Life on the Prairie: The Artist's Record, Joslyn Art Museum, Omaha, May-July 1954, unnumbered checklist.
Westward the Way, City Art Museum of Saint Louis, October-December 1954, no. 89.
Loan Exhibition. Masterpieces of the Corcoran Gallery of Art: A Benefit Exhibition in Honor of the Gallery's Centenary, Wildenstein, New York, 1959, unnumbered catalogue, repro..
200 Years of American Painting, City Art Museum of Saint Louis, 1964, unnumbered catalogue.
Past and Present: 250 Years of American Art, Corcoran Gallery of Art, Washington, 1966, unpublished checklist.
Albert Bierstadt, Amon Carter Museum of Western Art, Fort Worth; Corcoran Gallery of Art, Washington; Whaling Museum, New Bedford; Whitney Museum of American Art, New York; Pennsylvania Academy of the Fine Arts, Philadelphia, 1972-1973, no. 86 (not shown in New Bedford).
Corcoran [The American Genuis], Corcoran Gallery of Art, Washington, 1976, unnumbered catalogue.
The American West: Selections from the Anschutz Collection and the Corcoran Collection, Corcoran Gallery of Art, Washington, 1981, no. 13.
Albert Bierstadt: Art and Enterprise, Brooklyn Museum; Fine Arts Museums of San Francisco; National Gallery of Art, Washington, 1991-1992, no. 68.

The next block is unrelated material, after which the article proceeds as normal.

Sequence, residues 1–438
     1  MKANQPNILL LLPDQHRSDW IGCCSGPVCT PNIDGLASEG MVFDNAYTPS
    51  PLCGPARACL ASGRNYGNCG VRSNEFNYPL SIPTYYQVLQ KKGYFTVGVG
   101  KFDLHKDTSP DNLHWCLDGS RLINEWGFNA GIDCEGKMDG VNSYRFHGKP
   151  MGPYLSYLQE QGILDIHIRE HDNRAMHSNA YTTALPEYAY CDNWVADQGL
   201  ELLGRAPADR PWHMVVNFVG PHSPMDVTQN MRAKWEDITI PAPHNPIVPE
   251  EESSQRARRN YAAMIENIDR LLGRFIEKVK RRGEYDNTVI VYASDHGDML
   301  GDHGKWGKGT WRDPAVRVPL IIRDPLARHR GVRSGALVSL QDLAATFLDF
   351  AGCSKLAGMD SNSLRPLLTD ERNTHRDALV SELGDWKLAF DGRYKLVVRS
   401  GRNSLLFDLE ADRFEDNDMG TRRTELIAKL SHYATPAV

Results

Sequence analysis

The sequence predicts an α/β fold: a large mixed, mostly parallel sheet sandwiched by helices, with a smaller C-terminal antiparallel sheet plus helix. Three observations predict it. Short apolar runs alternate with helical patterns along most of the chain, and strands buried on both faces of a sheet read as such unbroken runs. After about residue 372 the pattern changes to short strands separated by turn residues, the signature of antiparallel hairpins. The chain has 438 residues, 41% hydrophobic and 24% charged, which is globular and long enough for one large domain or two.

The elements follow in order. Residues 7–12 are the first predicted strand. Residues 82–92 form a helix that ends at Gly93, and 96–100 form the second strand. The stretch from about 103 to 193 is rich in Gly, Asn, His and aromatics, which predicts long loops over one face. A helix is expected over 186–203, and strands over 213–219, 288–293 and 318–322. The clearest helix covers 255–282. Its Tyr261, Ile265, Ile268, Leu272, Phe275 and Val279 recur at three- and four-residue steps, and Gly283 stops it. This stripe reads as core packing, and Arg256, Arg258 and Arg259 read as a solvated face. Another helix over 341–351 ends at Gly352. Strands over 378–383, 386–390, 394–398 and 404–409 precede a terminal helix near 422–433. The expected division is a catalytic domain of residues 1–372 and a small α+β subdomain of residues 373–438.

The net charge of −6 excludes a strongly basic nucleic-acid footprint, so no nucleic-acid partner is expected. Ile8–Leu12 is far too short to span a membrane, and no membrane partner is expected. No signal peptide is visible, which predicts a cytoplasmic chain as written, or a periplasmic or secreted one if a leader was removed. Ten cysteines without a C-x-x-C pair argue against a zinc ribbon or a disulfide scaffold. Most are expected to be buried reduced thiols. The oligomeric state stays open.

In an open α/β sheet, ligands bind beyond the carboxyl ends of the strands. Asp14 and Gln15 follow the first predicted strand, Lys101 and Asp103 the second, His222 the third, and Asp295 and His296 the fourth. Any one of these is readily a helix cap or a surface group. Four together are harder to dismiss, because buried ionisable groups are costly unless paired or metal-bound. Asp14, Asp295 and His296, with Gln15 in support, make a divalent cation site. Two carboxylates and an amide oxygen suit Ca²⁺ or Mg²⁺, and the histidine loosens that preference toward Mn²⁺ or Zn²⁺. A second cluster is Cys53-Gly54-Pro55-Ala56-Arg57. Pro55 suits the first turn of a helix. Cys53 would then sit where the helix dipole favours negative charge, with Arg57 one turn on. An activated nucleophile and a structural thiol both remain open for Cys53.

Encouraging American Genius: Master Paintings from the Corcoran Gallery of Art, Corcoran Gallery of Art, Washington; Museum of Fine Arts, Houston; Parrish Art Museum, Southampton; Mint Museum of Art, Charlotte; John and Mable Ringling Museum of Art, Sarasota, 2005-2007, checklist no. 55 (shown only in Washington).
Nature as Nation: 19th-Century American Landscapes from the Collection, Corcoran Gallery of Art, Washington, 30 August 2008-18 October 2009, unpublished checklist.
The American Evolution: A History through Art, Corcoran Gallery of Art, Washington, 2008, unpublished checklist.
American Paintings from the Collection, Corcoran Gallery of Art, Washington, 6 June-18 October 2009, unpublished checklist.
American Journeys: Visions of Place, Corcoran Gallery of Art, Washington, 21 September 2013-28 September 2014, unpublished checklist.


Corcoran Gallery of Art. Handbook of the American Paintings in the Collection of the Corcoran Gallery of Art. Washington, 1947: 43, repro. 44.
Corcoran Gallery of Art. Masterpieces of the Corcoran Gallery of Art. Washington, 1959: 52, repro.
Strong, Lisa. "Albert Bierstadt, The Last of the Buffalo." In Corcoran Gallery of Art: American Paintings to 1945. Edited by Sarah Cash. Washington, 2011: 36, 170-173, 273, repro.
Valance, Hélène. Nuits américaines: L’art du nocturne aux États-Unis, 1890-1917. Paris, 2015: 188-189, color fig. 78.
Dyer, Geoff. The Last Days of Roger Federer, and Other Endings. New York, 2022: 105-108, illus.
Duncan, Dayton. Blood Memory: The Tragic Decline and Improbable Resurrection of the American Buffalo. New York, 2023: color repro. 74-75, 324

Related Content

  • Sort by:
  • Results layout:
Show  results per page
The image compare list is empty.